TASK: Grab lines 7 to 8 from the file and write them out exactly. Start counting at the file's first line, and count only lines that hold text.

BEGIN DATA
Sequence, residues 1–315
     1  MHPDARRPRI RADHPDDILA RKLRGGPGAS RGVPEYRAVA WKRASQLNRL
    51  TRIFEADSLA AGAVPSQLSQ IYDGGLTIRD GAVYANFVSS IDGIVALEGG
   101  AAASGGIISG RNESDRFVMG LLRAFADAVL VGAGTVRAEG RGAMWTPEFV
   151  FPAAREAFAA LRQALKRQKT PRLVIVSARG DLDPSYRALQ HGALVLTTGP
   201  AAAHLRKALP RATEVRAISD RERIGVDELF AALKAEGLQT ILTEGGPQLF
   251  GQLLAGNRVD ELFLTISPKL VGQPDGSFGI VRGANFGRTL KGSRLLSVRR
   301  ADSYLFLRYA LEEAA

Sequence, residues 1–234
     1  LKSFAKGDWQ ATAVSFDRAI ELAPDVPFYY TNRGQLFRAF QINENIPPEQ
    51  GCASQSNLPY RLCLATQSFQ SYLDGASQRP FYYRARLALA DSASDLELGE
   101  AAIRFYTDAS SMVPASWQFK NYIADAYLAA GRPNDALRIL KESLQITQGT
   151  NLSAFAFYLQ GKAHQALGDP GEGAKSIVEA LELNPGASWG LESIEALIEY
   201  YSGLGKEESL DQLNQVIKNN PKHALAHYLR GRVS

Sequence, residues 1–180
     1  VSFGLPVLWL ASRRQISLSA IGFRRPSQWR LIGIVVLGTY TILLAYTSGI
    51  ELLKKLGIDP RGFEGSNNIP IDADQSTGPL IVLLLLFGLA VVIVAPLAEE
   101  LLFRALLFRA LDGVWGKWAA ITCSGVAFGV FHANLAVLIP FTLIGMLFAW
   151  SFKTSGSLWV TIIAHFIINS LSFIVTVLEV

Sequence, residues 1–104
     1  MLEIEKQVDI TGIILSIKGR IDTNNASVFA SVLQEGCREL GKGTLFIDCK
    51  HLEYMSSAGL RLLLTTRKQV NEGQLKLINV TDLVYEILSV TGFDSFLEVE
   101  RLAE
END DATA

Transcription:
   251  GQLLAGNRVD ELFLTISPKL VGQPDGSFGI VRGANFGRTL KGSRLLSVRR
   301  ADSYLFLRYA LEEAA